Living alone for some is comparable to their vision of heaven, but others describe it as a hell a living hell, and the depths of despair because of loneliness. It all seems to depend on your reason for being alone newly divorced, recently widowed, abandoned by spouse or a dream come true of finally having your very own space.

After the initial adjustment many people say they love the lifestyle. You make all of the decisions, do what you want when you want and only report to yourself. Aloneness and loneliness are very different conditions. Aloneness is being by yourself. Loneliness is the desire for company and not being alone. It is a normal emotion to have need for contact with other people and not something to be embarrassed about.

Shirley's story

I went from my parent's home to the college dorm, then a shared apartment with five other gals, and then I married. I was married for 40 years and then my husband died. I was alone and it was terrible. I did not know how to live alone and I was overwhelmed. I was emotionally at the lowest point in my life. My life was empty and I craved the companionship of another human.

Nothing interested me; I didn't clean my house to improve my environment, I cried most of the day and couldn't sleep at night. I was a complete basket case and finally decided I had to do something, so I went into therapy.

That therapy saved my life. I now live alone but I am no longer lonely. I have a new kind of lifestyle, but it is not one I would choose because I know that I am the type who craves the companionship of others, so I have developed a network of many friends, so I am no longer lonely.

The number of single households has been rapidly increasing because there is no longer a stigma attached to living this lifestyle. Not too many years back, society thought of those living alone as weird or very strange. The unmarried, widowed, divorced or separated are choosing to live in small, available apartments or condos. The housing industry has built millions of small one- and two-bedroom apartments and over-55 communities featuring small homes for individuals and couples, small houses in downsizing communities. The food industry has also met the needs by introducing one- and two-serving sized portions of soup, desserts and many varieties of frozen dinners.

According to the U. S. Census Bureau, more than 6 million adults age 60 and above lived alone in 2006. Living alone for older people can cause safety problems, but organizations and health agencies are starting to meet the needs with electronic devices and services generated by computer to alert emergency personnel in case of problems. Our present economic climate may force some people to postpone aloneness, but when the economy improves, many will return to aloneness. Many widows and widowers wish they had been the one to die first because they loathe opening the front door to an empty house, eating alone, sleeping alone and finding adjustment to a new way of life extremely difficult, and for some impossible.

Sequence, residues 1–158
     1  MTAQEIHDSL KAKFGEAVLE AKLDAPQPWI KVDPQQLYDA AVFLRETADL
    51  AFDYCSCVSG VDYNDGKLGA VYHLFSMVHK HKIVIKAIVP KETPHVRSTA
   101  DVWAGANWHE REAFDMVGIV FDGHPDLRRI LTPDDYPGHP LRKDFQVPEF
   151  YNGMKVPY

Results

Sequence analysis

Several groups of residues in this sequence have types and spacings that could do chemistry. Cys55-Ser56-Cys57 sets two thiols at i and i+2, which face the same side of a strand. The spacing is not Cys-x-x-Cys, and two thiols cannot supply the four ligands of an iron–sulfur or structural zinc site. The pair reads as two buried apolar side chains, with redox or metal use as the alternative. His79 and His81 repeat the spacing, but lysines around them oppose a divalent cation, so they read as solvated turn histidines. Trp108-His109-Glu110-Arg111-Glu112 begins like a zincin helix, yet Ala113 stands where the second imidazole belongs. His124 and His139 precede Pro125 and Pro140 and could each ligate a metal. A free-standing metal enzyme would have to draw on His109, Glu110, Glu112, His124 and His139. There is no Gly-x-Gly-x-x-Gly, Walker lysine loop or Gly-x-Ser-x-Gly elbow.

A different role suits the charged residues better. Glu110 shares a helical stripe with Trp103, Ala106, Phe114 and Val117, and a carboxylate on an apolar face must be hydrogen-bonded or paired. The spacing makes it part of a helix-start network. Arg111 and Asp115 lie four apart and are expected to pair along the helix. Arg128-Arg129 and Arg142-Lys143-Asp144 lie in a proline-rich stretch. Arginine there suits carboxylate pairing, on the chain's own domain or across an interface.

The very thought of getting used to living alone is very threatening and many people say they just don't know how to even get started. "I know I am going to have to get used to this and I am trying my best, but it is very hard," one man said. "I have to learn to take care of myself. I can't cook and I haven't the slightest idea how to maintain my house, but I have learned how to start the dishwasher and stove."

Mary's story

When my husband left after 50 years of marriage, I was very depressed. I had frequently through the years known that I should leave, but I was afraid I couldn't make it on my own. When he unexpectedly shut the door on our life together, I was forced to learn how. Eating alone was terrible for me, so I decided to eat from a tray in front of the TV and Dan Rather was my reliable dinner partner.

In the middle of all of my problems I decided to try and avoid my worst times. The weekends were very hard and holidays even worse, so I decided to plan and try something I might enjoy. I started a yoga class, ordered new books, volunteered at the local library, walked the malls and went out alone for lunch at local restaurants three times a week.

One thing I would not do was bore my friends with my problems. I felt that they had enough of their own without hearing mine. I didn't want to talk to any friends but I did have need to talk, so I went to a therapist for help. I dumped my problems on her and I would leave feeling much better.

My therapist said I should not do anything in haste, but I just had to get out of my house, so I sold it. I moved to a new apartment and it helped me adjust to my new lifestyle.

I keep myself busy; I buy myself special treats, gourmet cheeses, good produce and fine wine. I try to look my best especially when I feel my worst. I go to the hairdresser twice a month and also have frequent massages.

I have recently started interviewing the many retirement complexes in my area. I haven't made up my mind, but the thought of potential friends, built-in entertainment, not having to cook and clean, and having health care onsite is beginning to look very interesting for a new life style.

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